Gov. Chris Christie (R-N.J.) was told about the punitive lane closings up to the George Washington Bridge at a 2013 memorial service for the Sept. 11 terrorist attacks, two days before the lanes were unblocked, David Wildstein, a confessed architect of the scheme, testified in federal court on Tuesday. When the governor was told of the closures — and that they were in retaliation for the Democratic mayor of Fort Lee declining to endorse Christie's re-election bid — "he laughed," Wildstein said.
Wildstein, a former Christie loyalist at the Port Authority of New York and New Jersey — which oversees the George Washington Bridge, the nation's busiest — is testifying against Bill Baroni, Christie's top appointee at the Port Authority, and former Christie aide Bridget Anne Kelly; Christie himself is not charged in this "Bridgegate" case, and on Tuesday, he again insisted that he "had no knowledge prior to or during these lane realignments." New York magazine recounts Wildstein's testimony, accompanying photographs of Christie, himself, and Baroni in a "relaxed" huddle at Ground Zero:
"Mr. Baroni said, 'Governor I have to tell you about something,'" Wildstein testified, saying that Baroni and Christie often adopted a "very sarcastic tone" when they were talking politics. "Mr. Baroni said to Governor Christie, 'Governor, I can tell you there's a tremendous amount of traffic in Fort Lee this morning, major traffic jams, and Mayor [Mark] Sokolich is very frustrated." He alleged that Baroni then added, "You'll be pleased to know that Mayor Sokolich is having trouble getting his telephone calls returned."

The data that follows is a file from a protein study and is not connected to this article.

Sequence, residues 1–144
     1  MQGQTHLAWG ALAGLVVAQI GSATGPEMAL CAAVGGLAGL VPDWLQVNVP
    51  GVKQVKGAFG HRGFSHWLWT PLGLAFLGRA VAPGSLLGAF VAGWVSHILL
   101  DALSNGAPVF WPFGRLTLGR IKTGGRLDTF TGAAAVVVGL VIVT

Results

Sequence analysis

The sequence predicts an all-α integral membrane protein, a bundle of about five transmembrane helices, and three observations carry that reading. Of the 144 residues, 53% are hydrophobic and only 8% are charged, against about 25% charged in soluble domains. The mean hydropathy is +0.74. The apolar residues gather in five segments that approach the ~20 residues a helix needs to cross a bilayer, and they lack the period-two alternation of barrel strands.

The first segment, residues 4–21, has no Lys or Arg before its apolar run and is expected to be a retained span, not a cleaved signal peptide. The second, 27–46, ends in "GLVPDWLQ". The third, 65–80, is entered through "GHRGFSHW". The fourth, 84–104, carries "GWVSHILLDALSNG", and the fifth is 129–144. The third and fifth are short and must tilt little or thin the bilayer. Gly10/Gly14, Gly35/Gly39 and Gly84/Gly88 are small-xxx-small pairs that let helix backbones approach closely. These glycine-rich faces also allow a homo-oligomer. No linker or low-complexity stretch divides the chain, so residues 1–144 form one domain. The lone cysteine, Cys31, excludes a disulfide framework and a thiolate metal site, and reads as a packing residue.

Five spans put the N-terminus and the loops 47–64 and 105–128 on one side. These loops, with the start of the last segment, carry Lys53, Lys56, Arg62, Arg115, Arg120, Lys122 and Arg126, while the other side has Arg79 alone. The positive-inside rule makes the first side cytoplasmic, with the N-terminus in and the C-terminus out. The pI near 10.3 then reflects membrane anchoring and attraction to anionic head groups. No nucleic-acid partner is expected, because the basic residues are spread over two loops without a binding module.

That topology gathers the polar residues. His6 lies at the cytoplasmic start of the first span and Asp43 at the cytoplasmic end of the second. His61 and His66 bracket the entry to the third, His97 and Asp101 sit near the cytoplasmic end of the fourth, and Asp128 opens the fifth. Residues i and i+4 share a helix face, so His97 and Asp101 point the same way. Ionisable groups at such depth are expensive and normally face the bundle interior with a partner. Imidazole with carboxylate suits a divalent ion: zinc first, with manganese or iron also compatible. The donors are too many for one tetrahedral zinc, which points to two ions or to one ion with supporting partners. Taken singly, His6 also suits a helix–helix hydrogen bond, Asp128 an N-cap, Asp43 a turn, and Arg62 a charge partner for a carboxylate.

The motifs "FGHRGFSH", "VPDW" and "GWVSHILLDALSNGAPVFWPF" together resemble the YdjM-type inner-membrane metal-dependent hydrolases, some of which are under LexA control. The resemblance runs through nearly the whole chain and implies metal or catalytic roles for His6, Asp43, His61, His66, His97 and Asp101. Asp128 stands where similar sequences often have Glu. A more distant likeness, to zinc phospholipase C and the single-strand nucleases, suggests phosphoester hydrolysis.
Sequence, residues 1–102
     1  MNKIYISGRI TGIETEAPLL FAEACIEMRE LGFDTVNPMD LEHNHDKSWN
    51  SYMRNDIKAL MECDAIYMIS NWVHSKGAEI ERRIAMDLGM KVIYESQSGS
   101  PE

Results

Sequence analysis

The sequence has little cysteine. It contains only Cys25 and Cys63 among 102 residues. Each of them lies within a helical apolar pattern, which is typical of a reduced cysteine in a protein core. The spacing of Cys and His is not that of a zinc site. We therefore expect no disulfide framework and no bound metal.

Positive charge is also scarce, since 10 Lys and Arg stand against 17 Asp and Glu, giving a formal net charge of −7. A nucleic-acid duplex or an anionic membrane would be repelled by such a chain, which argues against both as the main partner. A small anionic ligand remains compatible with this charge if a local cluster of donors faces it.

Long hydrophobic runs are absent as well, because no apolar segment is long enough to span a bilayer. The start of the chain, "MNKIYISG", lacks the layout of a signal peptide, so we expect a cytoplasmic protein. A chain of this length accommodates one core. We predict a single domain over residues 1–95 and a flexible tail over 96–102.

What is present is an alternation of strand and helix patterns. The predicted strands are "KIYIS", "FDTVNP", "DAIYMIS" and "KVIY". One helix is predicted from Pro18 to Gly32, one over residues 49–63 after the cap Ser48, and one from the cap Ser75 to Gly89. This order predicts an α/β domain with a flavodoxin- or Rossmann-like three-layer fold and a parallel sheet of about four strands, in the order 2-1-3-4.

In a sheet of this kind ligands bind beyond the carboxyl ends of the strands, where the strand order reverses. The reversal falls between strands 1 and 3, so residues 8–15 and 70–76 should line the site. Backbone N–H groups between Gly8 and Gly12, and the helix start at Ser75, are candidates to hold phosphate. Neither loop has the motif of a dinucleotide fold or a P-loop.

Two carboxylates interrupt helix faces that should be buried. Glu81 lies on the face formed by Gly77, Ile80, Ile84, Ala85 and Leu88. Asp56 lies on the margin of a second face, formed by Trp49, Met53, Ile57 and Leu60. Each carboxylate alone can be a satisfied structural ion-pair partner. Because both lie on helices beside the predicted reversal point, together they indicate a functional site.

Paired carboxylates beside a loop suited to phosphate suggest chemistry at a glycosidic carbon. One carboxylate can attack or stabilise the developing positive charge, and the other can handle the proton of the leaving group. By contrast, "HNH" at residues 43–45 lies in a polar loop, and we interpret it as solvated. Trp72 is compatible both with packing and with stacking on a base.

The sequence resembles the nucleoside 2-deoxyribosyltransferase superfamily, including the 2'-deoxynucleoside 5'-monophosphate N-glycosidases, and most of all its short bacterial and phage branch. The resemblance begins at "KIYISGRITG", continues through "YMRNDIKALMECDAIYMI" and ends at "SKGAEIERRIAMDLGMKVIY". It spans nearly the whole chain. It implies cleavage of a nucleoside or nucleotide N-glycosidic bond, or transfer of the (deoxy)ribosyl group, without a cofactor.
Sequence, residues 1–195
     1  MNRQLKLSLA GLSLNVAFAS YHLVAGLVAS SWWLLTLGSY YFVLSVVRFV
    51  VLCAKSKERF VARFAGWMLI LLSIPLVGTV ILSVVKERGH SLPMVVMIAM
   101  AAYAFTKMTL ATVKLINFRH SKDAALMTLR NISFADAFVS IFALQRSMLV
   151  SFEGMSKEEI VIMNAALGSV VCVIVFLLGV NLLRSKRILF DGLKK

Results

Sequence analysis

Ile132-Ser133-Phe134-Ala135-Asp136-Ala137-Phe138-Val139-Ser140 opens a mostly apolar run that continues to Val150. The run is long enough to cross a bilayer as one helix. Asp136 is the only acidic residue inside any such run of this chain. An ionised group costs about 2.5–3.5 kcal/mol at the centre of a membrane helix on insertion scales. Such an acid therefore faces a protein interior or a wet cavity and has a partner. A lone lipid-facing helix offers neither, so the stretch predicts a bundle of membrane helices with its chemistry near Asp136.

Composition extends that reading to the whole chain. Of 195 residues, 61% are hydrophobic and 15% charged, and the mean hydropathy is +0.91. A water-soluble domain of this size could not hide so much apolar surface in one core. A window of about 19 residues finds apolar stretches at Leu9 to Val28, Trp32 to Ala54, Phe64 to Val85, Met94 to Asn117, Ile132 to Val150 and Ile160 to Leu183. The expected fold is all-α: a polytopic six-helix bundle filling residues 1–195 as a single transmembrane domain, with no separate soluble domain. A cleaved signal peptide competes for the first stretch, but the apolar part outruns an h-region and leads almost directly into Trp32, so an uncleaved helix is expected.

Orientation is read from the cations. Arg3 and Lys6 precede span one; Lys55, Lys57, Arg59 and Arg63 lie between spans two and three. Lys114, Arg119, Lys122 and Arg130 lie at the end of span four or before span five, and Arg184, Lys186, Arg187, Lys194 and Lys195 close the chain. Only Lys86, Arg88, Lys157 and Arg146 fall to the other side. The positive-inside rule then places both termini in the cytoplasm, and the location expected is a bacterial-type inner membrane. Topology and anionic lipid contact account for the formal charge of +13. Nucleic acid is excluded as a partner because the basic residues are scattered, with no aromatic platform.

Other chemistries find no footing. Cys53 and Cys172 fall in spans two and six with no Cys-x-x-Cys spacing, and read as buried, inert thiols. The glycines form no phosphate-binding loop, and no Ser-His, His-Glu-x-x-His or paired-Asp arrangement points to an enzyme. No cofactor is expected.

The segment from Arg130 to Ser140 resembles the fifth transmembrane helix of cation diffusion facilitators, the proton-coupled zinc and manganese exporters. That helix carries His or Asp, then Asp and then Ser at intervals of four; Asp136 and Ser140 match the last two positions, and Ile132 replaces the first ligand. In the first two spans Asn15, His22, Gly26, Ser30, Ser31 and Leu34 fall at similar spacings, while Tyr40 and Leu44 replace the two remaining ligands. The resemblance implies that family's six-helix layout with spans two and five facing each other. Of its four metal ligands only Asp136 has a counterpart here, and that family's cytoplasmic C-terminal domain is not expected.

According to Wildstein, Christie replied with similar sarcasm, "I imagine he wouldn't be getting his phone calls returned." ... The governor still called Wildstein by the pseudonym he used on the [influential political blog] website, "Wally Edge." So Christie surely understood the import of what Baroni allegedly told him next: "Mr. Baroni said to Governor Christie that I was monitoring the traffic, I was watching over everything," Wildstein testified. "Governor Christie said in the sarcastic tone of the conversation, 'Well. I'm sure Mr. Edge would not be involved in anything political." Then, Wildstein said, "he laughed."
"This was our one constituent. I was pleasing my one constituent," Wildstein said. "I was proud of it. I was happy that he's happy." [New York]